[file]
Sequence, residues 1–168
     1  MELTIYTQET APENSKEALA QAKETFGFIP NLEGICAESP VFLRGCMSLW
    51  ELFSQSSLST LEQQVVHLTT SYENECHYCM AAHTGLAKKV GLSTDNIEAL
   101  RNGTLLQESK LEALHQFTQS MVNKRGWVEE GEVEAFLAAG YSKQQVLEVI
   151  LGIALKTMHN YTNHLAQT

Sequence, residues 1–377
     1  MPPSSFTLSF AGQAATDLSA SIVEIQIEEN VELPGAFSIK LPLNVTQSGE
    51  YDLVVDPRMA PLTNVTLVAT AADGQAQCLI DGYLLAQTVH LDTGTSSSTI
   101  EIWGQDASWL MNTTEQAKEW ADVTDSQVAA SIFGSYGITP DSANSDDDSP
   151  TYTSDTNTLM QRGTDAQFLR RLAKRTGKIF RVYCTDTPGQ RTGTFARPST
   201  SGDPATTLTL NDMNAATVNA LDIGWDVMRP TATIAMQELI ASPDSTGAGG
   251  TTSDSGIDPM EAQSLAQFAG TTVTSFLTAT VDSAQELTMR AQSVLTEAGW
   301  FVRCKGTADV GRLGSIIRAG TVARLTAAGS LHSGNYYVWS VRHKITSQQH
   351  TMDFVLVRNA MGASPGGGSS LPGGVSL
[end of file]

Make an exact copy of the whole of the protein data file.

Sequence, residues 1–168
     1  MELTIYTQET APENSKEALA QAKETFGFIP NLEGICAESP VFLRGCMSLW
    51  ELFSQSSLST LEQQVVHLTT SYENECHYCM AAHTGLAKKV GLSTDNIEAL
   101  RNGTLLQESK LEALHQFTQS MVNKRGWVEE GEVEAFLAAG YSKQQVLEVI
   151  LGIALKTMHN YTNHLAQT

Sequence, residues 1–377
     1  MPPSSFTLSF AGQAATDLSA SIVEIQIEEN VELPGAFSIK LPLNVTQSGE
    51  YDLVVDPRMA PLTNVTLVAT AADGQAQCLI DGYLLAQTVH LDTGTSSSTI
   101  EIWGQDASWL MNTTEQAKEW ADVTDSQVAA SIFGSYGITP DSANSDDDSP
   151  TYTSDTNTLM QRGTDAQFLR RLAKRTGKIF RVYCTDTPGQ RTGTFARPST
   201  SGDPATTLTL NDMNAATVNA LDIGWDVMRP TATIAMQELI ASPDSTGAGG
   251  TTSDSGIDPM EAQSLAQFAG TTVTSFLTAT VDSAQELTMR AQSVLTEAGW
   301  FVRCKGTADV GRLGSIIRAG TVARLTAAGS LHSGNYYVWS VRHKITSQQH
   351  TMDFVLVRNA MGASPGGGSS LPGGVSL